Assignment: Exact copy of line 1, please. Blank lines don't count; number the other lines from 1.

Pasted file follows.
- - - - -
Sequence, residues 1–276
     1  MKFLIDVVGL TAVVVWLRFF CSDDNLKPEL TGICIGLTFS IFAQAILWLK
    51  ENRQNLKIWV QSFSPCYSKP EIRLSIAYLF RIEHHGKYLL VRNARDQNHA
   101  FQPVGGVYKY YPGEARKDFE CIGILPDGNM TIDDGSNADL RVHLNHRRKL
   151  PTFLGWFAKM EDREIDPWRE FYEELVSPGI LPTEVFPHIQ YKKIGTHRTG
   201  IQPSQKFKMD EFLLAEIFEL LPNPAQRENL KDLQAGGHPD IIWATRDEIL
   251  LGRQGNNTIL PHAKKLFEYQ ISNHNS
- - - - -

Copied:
Sequence, residues 1–276